Wednesday, September 02, 2009

Dr. "Death" Kervorkian on Fox News; the "14 Steps to Fascism"

Today I watched Dr. Kervorkian interviewed by Neil Cavuto on Fox News. Cavuto was trying to tie Kervorkian's suicide assistance together with Obamacare and wasn't too successful. Cavuto was talking politics, Kervorkian was talking philosophy and often they just talked past each other.
At one point Cavuto asked Kervorkian why Dr. K had, in the past, likened the USA to Nazi Germany. Kervorkian cited the "14 steps to fascism" that some nutcase had promulgated. I Googled "14 steps to fascism" and came up with a list that appears dishonest and agenda-driven. It did not describe fascism; it seemed to be describing attributes of Bush and Republicans (or more accurately, the left's skewed beliefs about them) and trying to pass them off as fascism.

Some of the "fascist points" in the list:
Fascist regimes tend to make constant use of patriotic mottos, slogans, symbols, songs, and other paraphernalia. Flags are seen everywhere, as are flag symbols on clothing and in public displays.

My comment: So if you are patriotic, you're a fascist. Riiiight. Schools and post offices everywhere must be fascist. Politicians with lapel flag pins must be fascists.

Religion and Government are Intertwined -- Governments in fascist nations tend to use the most common religion in the nation as a tool to manipulate public opinion. Religious rhetoric and terminology is common from government leaders, even when the major tenets of the religion are diametrically opposed to the government's policies or actions.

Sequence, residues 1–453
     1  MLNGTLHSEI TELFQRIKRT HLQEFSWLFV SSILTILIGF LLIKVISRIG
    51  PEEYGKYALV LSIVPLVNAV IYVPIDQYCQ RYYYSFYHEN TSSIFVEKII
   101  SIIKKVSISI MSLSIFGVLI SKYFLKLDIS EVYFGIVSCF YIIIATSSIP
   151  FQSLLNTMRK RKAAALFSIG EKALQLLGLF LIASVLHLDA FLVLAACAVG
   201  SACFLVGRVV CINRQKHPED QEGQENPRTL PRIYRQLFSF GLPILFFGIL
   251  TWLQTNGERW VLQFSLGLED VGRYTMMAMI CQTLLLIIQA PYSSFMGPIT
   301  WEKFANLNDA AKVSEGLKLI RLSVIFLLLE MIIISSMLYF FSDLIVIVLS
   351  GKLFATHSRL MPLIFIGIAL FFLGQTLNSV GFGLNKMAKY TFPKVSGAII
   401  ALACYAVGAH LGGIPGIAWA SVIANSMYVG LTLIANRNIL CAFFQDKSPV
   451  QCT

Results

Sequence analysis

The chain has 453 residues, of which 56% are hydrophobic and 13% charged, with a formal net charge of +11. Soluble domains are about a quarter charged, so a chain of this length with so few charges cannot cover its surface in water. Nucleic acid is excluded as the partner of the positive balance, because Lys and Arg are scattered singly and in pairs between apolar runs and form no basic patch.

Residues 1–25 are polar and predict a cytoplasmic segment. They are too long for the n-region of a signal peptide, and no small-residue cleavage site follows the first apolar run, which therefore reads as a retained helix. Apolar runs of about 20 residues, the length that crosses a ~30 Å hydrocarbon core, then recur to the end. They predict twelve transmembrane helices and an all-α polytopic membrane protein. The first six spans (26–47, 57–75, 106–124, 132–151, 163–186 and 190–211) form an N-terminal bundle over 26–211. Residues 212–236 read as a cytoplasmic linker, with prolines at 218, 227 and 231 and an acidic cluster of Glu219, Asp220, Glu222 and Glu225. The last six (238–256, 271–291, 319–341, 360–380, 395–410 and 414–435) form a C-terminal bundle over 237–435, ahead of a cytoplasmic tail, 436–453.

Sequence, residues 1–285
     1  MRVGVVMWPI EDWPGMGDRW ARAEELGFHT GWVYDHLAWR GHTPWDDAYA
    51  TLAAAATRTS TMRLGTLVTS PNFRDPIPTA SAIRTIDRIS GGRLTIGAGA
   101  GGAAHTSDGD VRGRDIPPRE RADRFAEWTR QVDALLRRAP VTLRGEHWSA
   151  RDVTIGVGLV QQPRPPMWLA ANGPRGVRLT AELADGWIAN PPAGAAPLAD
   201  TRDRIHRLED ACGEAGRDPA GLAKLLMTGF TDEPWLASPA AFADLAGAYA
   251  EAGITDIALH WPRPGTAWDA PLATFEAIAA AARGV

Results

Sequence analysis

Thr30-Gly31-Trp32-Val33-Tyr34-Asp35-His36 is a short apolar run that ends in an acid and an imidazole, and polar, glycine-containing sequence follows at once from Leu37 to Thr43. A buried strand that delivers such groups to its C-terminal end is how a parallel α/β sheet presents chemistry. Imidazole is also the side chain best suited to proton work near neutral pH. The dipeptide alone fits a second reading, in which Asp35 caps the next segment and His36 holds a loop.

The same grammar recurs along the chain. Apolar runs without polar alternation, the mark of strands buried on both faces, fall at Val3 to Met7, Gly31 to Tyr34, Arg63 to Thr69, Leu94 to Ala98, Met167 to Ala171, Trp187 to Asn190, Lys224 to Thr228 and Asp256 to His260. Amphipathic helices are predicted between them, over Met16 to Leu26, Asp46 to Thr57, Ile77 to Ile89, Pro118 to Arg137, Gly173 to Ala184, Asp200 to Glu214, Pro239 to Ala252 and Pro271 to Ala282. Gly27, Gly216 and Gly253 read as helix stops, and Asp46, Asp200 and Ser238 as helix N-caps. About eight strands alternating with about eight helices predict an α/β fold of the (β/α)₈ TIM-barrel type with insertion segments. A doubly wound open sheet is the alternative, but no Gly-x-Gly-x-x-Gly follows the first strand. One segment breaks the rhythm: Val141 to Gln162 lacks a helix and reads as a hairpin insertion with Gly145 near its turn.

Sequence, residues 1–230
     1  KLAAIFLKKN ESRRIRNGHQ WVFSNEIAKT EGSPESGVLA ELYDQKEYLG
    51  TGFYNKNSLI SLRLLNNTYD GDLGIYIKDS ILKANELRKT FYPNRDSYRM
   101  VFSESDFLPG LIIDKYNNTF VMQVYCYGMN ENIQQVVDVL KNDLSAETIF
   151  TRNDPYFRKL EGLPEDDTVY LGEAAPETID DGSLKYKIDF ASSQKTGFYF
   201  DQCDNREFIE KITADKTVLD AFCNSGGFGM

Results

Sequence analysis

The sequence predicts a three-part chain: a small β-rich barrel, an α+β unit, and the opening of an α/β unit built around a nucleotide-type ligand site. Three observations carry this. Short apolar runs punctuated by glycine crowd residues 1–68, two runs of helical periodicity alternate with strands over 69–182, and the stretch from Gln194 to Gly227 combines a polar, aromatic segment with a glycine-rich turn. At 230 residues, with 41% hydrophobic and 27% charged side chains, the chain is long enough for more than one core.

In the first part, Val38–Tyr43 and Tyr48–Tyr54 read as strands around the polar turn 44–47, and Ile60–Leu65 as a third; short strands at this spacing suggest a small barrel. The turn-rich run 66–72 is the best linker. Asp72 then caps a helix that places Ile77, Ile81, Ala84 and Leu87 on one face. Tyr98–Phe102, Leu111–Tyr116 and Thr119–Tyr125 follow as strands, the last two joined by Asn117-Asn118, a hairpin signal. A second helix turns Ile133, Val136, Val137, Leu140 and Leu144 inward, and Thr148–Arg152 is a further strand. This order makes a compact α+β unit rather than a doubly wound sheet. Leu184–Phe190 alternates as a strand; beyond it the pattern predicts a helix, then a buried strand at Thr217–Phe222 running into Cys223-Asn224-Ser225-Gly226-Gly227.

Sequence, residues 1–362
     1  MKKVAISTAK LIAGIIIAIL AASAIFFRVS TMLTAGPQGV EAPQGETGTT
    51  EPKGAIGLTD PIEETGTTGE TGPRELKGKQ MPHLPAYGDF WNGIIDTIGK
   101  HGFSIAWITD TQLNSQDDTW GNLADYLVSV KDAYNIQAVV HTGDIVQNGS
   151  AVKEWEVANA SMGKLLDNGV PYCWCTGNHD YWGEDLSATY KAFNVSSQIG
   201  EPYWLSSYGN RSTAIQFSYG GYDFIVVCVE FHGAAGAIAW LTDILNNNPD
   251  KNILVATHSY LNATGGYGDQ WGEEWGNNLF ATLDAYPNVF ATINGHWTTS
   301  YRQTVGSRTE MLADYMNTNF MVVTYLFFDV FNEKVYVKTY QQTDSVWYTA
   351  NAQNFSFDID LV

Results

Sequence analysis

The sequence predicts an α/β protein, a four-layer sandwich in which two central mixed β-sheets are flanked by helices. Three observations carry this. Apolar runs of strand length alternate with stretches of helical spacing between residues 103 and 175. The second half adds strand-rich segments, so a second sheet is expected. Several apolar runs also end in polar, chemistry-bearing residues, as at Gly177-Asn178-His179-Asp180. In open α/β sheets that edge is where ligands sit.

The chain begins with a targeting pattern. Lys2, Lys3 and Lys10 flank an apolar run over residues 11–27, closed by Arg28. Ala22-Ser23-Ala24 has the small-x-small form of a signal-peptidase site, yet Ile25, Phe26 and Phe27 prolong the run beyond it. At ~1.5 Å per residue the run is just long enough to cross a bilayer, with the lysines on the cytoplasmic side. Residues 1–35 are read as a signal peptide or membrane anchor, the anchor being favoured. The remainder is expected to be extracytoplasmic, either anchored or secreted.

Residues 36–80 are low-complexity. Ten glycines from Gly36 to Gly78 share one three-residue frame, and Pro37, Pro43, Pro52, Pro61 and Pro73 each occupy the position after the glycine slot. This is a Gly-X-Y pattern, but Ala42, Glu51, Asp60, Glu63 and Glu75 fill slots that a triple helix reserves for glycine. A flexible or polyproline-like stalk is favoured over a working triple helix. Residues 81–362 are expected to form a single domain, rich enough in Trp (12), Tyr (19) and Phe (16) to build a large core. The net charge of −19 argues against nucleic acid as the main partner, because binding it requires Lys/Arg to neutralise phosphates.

This appears to be a slap at Bush for being a devout Christian. However, it appears untrue as a general rule about fascism. I am not aware that either Mussolini or Hitler, the two leading fascists, supported (or even exploited) Christianity to any significant degree. In fact, Nazi fascists were pagans and vegetarians -- not Christians. Both Hitler and Mussolini opposed Christianity.

See the list here to read all of the claims.

I would refute this list point by point, but it doesn't appear to have been widely circulated or accepted, even among the left. What it does illustrate, however, is how people with a political agenda are often less than objective when describing some objectionable ideology. Their goal is to attribute the traits of that ideology to their opponents.

Meanwhile, if you want to understand the history, beliefs, traits and practices of fascism, do read Jonah Goldberg's "Liberal Fascism." I read it twice and will probably read it a third time.

The Wikipedia article on fascism is also pretty good.

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